Finally, in 2014, Le’Veon Bell got caught by Panthers safety Thomas DeCoud at the end of an 81-yard run in Charlotte, while 2015 saw Doug Martin get slowed up just enough by Eagles corner Nolan Carroll to allow Connor Barwin to shove him out of bounds at the end of an 84-yard run in Philly. And in the time spanning from after those Sanders runs in October 1994 thru the 2018 season, that Martin play stands as the lone carry to pick up at least 84 yards without a score to show for it:
For those scoring at home, that is the entire NFL combining to do a grand total of once across a quarter-century (and counting) what happened to Sanders twice within the preceding calendar month.
And for Sanders, no back in history was under more pressure to finish those long runs in the end zone. Because if he came up short, no back was more vulnerable to the (dreaded for fantasy players) touchdown thief™.
Now for the first four years of his career, that wasn’t the case. In that time the Lions recorded 18 rushing touchdowns from a single yard out, and Sanders was responsible for 11 of them. But then come 1993, things changed. Dramatically.
The Lions signed Falcons castoff Derrick Moore, and he scored all three of Detroit’s one-yard rushing touchdowns that season, two of which (in Weeks 4 and 10) capped drives in which Sanders gained every single yard but for the final one:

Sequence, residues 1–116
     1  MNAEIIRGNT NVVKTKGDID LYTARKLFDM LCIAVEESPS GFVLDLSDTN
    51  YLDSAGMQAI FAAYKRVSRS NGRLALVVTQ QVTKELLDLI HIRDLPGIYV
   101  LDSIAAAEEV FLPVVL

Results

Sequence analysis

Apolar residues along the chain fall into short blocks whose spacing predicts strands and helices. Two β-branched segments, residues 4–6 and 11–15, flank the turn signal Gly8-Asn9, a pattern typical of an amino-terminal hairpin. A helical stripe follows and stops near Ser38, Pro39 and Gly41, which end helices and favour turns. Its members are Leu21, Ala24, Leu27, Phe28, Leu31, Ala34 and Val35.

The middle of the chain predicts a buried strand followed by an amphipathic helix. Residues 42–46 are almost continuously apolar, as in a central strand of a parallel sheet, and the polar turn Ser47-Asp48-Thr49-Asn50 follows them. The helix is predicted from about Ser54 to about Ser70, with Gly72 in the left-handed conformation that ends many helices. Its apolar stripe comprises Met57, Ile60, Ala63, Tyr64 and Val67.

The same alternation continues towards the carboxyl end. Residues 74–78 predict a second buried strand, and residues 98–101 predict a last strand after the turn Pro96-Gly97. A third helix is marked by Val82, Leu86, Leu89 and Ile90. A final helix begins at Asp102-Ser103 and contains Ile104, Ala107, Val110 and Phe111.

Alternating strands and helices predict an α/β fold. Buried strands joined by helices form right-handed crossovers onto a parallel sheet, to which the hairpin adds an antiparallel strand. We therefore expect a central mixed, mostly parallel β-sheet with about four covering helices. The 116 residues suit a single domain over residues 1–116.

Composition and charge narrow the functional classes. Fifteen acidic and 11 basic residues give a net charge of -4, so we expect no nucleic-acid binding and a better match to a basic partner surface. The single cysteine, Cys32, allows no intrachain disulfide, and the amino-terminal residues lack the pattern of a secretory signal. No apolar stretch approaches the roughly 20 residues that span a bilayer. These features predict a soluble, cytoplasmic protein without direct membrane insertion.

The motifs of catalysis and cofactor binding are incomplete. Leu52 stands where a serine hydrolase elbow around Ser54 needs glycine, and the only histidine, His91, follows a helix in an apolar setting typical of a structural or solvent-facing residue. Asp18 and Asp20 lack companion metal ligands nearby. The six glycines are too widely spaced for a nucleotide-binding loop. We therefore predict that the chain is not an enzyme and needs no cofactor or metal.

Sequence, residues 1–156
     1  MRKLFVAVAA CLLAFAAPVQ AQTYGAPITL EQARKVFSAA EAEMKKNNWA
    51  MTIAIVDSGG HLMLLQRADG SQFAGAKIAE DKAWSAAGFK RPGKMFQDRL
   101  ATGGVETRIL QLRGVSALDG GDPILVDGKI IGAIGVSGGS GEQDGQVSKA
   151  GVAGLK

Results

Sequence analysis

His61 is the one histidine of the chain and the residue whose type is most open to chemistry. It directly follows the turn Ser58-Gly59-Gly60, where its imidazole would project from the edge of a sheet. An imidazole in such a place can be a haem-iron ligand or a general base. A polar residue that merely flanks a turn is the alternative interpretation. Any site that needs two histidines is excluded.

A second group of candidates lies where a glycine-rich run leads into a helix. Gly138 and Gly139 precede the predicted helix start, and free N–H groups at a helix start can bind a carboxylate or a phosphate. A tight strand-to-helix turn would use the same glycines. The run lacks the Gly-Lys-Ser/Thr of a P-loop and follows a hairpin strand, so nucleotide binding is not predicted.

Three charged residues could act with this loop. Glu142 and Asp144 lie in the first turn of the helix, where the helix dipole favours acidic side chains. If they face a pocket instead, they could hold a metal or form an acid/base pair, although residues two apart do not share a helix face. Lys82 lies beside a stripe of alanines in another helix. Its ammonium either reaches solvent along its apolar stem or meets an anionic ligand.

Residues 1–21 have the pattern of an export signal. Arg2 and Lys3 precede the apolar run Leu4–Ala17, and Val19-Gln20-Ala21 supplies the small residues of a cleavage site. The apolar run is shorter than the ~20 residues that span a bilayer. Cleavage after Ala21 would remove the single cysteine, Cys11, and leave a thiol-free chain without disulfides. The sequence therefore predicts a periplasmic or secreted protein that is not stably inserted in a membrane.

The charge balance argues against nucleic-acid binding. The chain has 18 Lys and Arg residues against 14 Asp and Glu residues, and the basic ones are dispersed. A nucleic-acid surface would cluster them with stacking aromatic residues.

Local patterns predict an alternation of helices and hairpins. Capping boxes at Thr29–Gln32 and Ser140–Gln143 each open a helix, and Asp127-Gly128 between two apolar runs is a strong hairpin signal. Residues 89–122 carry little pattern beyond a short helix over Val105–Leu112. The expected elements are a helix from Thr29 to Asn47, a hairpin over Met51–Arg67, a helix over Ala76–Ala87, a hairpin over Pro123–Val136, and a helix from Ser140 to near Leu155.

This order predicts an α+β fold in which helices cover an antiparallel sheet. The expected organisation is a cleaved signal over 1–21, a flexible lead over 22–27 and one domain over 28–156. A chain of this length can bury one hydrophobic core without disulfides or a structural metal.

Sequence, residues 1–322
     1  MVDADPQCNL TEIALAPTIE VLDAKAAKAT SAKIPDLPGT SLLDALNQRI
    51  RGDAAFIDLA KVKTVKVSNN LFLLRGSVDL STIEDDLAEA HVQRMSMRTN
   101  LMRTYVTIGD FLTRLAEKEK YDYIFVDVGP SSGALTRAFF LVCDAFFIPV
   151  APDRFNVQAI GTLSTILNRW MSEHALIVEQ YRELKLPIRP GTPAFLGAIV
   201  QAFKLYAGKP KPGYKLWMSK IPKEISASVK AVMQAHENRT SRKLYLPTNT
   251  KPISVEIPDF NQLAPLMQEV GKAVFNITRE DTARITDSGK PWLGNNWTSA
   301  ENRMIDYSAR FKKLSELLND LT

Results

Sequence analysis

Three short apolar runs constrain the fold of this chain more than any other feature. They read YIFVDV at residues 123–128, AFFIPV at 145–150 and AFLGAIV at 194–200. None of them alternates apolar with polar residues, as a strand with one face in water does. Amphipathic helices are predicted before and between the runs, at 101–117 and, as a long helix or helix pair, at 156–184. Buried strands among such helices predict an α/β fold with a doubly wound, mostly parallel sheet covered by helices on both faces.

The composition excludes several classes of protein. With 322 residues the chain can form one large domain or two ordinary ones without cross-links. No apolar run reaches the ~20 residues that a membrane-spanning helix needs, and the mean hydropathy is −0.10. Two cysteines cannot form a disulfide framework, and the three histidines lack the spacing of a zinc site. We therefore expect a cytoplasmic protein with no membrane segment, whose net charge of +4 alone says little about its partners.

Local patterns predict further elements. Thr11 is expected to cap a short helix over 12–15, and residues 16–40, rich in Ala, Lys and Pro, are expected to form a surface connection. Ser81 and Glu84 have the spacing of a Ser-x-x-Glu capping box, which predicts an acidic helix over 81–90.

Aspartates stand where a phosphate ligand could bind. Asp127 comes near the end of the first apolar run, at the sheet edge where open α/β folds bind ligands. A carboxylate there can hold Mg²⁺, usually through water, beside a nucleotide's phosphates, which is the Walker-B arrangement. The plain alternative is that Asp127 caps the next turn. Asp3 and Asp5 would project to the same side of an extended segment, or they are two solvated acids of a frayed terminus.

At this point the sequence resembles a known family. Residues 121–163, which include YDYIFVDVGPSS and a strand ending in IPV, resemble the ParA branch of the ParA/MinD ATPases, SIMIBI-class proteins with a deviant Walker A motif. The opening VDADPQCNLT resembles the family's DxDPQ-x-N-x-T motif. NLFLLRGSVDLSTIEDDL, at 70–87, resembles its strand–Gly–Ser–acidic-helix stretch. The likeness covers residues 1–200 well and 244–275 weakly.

It was more of the same in 1994. Remember that aforementioned run in Tampa that got the Lions down inside the Bucs five-yard line? Welp, that meant no touchdown for Sanders, as a couple plays later, Moore punched it in. Moore’s other three touchdowns that year were all one-yard rushing scores, each punctuating drives that covered a combined 226 yards, of which Sanders was again responsible for the majority:
Then the Lions traded Moore to San Francisco, so they turned to Scott Mitchell quarterback sneaks for six of their seven rushing scores from a yard out across 1995-96. The ensuing offseason, general manager Chuck Schmidt signed a new thief by the name of Touchdown Tommy Vardell.
And over the next two years under new coach Bobby Ross, it was the same story. 12 rushing touchdowns from the lip of the goal line, 11 accomplished by Vardell, the other a Charlie Batch quarterback sneak. So here’s how it breaks down from the first four years of Sanders’ career compared to the final six:
Two notable takeaways: During the latter period, 1993-98, here are the six instances in the NFL of a player rushing for at least four touchdowns in a season while failing to make even 125 yards worth of contribution on the ground:
Also, if you expand the time frame to the two-decade period from 1985-2005 in search for players who recorded at least four rushing TDs while failing to reach even 55 rushing yards, there were two such seasons; just Moore in 1994 and Vardell in 1998.
Vardell in particular stands out, with his 12 rushing scores across 1997-98 on just 159 rushing yards quite an impressive outlier:
And that was it. After that there were no more touchdowns to steal from Sanders, because there was no more Sanders — he vanished into thin air the same way he seemingly did whenever a linebacker approached to clobber him.
So while the concept of a goal-line back has become prevalent in the modern NFL, no one’s touchdown total has ever been more victimized by those vultures quite like Sanders.